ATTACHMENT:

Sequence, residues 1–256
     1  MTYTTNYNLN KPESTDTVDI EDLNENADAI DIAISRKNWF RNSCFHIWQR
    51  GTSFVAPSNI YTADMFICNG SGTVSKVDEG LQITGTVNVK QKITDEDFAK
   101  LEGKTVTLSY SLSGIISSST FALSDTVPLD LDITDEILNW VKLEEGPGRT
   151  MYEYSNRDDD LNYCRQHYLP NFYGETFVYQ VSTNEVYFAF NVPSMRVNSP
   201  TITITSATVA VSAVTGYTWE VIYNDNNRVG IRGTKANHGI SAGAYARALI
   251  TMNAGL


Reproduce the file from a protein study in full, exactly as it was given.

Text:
Sequence, residues 1–256
     1  MTYTTNYNLN KPESTDTVDI EDLNENADAI DIAISRKNWF RNSCFHIWQR
    51  GTSFVAPSNI YTADMFICNG SGTVSKVDEG LQITGTVNVK QKITDEDFAK
   101  LEGKTVTLSY SLSGIISSST FALSDTVPLD LDITDEILNW VKLEEGPGRT
   151  MYEYSNRDDD LNYCRQHYLP NFYGETFVYQ VSTNEVYFAF NVPSMRVNSP
   201  TITITSATVA VSAVTGYTWE VIYNDNNRVG IRGTKANHGI SAGAYARALI
   251  TMNAGL